Class of 2011 Abstact / OBJECTIVES: To determine if aseptic methods prescribed by the USP 797 are effective in preventing microbial growth when compounding intravenous medication. Sample size: 60 individual IV preparations, 20 for the control group and 20 per test group. METHODS: Sixty agar plates were made. The IV preparations for the control group were compounded with aseptic technique: washing hands with soap and water, wearing gloves, cleaning all ports with alcohol, and working in a laminar flow hood. A syringe was used to inject the water from the vial into the IV bag. This procedure was repeated in the same manner for Group A (no use of laminar flow hood) and Group B (no swiping of the injection ports with an alcohol swab), minus the aseptic technique in question. Once all 60 IV preparations were completed, a sterile inoculation tool was used to obtain a sample from the port of the IV bag. The plates were then inoculated. RESULTS: When compared to the control group, microbial growth in Group A was not significant (p=0.14). The contamination rate for Group B was also not significant (p=0.07). CONCLUSION: Solutions compounded using abbreviated techniques (not swabbing injection ports and not using laminar flow hood) are not more likely to be contaminated than when using all proper aseptic techniques simultaneously.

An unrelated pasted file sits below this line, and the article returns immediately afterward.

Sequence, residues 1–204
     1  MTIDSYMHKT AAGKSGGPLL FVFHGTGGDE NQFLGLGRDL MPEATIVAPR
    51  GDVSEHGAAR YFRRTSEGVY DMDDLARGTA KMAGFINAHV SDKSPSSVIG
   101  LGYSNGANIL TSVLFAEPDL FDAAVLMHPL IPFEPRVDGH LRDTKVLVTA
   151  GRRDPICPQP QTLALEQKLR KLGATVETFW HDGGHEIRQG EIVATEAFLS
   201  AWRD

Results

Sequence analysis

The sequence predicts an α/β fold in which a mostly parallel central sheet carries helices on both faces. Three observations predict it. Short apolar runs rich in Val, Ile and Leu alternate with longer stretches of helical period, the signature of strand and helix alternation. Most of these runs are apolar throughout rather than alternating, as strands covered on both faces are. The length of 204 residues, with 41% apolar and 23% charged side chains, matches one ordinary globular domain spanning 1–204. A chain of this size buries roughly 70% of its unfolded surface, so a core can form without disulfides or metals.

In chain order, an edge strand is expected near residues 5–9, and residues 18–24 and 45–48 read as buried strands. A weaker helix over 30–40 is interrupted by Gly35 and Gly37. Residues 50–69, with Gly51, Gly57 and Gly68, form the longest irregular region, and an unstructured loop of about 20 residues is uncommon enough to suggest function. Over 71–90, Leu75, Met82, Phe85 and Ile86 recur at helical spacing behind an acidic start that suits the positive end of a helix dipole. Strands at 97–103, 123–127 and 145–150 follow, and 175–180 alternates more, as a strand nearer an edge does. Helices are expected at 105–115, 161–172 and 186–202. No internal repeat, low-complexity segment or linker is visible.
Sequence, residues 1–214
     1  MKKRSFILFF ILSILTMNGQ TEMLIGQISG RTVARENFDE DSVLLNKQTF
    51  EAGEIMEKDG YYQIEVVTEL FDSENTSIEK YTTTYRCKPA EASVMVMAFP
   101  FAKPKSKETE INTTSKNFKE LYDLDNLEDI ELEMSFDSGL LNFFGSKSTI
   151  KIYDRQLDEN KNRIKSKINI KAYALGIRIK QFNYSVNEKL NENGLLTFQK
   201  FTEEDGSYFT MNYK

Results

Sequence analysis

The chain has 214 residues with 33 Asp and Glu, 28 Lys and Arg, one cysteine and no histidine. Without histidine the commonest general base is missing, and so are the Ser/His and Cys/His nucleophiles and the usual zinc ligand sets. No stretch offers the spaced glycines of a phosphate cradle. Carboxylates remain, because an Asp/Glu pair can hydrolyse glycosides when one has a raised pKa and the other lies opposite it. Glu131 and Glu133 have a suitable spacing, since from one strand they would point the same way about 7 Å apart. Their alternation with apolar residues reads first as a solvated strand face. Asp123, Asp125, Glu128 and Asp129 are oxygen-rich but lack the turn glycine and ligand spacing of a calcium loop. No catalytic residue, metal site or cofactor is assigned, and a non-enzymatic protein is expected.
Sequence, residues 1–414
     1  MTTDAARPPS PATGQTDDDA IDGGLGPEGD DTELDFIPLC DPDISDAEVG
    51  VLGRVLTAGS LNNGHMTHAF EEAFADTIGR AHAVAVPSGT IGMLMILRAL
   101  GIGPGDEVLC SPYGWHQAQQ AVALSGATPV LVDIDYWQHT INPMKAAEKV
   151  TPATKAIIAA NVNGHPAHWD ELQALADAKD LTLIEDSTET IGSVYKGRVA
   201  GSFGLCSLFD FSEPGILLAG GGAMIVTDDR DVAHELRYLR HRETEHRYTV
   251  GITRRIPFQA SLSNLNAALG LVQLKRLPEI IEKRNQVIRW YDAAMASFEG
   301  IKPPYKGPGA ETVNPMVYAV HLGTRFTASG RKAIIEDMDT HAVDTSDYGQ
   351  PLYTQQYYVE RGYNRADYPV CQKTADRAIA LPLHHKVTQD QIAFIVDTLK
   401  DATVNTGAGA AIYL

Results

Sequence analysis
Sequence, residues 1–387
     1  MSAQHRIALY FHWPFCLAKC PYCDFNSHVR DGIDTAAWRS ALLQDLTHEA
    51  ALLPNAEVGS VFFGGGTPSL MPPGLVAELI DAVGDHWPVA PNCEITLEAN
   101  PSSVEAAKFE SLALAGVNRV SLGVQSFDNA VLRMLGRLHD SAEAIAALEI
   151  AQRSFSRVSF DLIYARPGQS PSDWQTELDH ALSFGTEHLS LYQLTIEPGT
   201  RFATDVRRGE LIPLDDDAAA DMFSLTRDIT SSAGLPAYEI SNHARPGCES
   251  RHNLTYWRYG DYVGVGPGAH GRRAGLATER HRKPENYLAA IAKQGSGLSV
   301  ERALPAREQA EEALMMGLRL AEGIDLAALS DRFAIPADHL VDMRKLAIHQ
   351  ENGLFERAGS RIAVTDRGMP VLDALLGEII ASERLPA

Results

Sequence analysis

8

Modeling of Temperature Impacts on Fixed Film Microbial Growth and Nitrification Kinetics

Strombeck, Jacob January 2014 (has links)
Monod-type kinetic models, used in simulating microbial growth in biological treatment systems, suggest significant decreases of substrate utilization at lower temperatures. However, it is documented that performance of fixed film treatment systems are not hindered with declining temperatures. Previous studies at the Moorhead, MN, Wastewater Treatment Facility (WWTF) showed significant impacts of temperature on biofilm growth in its moving bed biofilm reactor (MBBR), and studies noted that at low temperatures more biomass was present. Previously, a series of kinetic bench-scale batch tests was performed to measure ammonium removal in the full-scale system. As part of this research, a diffusion based kinetic model was developed to simulate the bench-scale trials and determine if Monod kinetics and temperature corrections properly model fixed film systems. It was found that Monod kinetics and temperature corrections do apply to fixed film system as long as proper consideration is given to the change in biofilm characteristics.
9

Biofilm growth and colony variance in Streptococcus pneumoniae serotypes

Allegrucci, Magee. January 2007 (has links)
Thesis (Ph. D.)--State University of New York at Binghamton, Department of Biological Sciences, 2007. / Includes bibliographical references.
10

Survival of Microbial Indicators In constructed Wetlands

Vinluan, Edlin Artuz January 1996 (has links) (PDF)
Thesis (M.S. - Soil, Water and Environmental Science)--University of Arizona. / Includes bibliographical references (leaves 61-65).